BBC investigation reveals prevalence of violence during sex

Published 24 March 2020  |  
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Pornography is a factor in the prevalence of 'rough sex', a BBC investigation has found.

In a study conducted by BBC Scotland's Disclosure and Radio 5 Live, seven in ten men (71%) said they have had rough sex.

This included slapping, choking, gagging or spitting on their partner during consexual sex, The Times reports.

Asked what had motivated them to engage in such acts, over half of these men (57%) cited pornography, with one in five saying this had influenced them a "great deal".

Nearly a third of the men (30%) revealed that they had not sought consent from their partner before engaging in these acts, while 41% said their partner was the one to initiate it.

Only a third said they engaged in these behaviours because they found them enjoyable.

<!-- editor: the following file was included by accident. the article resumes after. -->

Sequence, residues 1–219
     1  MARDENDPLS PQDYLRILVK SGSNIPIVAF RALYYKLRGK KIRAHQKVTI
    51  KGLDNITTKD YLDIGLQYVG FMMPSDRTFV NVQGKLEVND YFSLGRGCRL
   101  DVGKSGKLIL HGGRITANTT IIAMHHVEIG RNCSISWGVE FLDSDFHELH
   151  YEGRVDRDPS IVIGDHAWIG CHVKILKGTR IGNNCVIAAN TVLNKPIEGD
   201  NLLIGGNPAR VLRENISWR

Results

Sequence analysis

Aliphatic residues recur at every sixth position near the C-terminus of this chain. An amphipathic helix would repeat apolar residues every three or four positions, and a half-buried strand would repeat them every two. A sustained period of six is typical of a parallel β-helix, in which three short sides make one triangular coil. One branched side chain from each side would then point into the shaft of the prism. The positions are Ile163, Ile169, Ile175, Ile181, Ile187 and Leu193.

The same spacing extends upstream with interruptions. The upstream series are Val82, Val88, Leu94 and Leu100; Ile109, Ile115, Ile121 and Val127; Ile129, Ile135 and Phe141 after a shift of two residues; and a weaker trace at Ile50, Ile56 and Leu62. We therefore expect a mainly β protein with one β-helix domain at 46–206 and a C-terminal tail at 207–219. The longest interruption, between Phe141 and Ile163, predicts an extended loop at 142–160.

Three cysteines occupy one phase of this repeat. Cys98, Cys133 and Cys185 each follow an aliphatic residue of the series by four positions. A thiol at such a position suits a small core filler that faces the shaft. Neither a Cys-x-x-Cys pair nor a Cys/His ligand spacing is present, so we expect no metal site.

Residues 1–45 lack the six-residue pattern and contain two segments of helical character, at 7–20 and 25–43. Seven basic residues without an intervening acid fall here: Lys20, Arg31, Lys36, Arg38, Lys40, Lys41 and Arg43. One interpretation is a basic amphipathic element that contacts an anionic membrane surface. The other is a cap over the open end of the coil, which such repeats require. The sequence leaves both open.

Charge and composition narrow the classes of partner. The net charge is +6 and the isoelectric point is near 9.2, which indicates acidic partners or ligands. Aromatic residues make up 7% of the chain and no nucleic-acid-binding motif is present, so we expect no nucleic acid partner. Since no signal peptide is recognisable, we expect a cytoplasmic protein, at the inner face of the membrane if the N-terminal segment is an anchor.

The study was carried out by Savanta ComRes on behalf of Disclosure and Radio 5 Live, and examined the sexual behaviour of 2,049 men aged 18 to 39.

The findings are the subject of an episode of Disclosure airing on BBC Scotland on Monday night at 10:45pm.

Brenna Jessie, of Rape Crisis Scotland, suggested it was hard for women to speak up about their experiences.

"There will be a lot of women who have consented to sex but who have not consented violence who won't necessarily recognise their experience to be sexual violence," she told The Times.

"Feelings of guilt are really common because we live in a society that really shames victims and blames them for not doing more to keep themselves safe."

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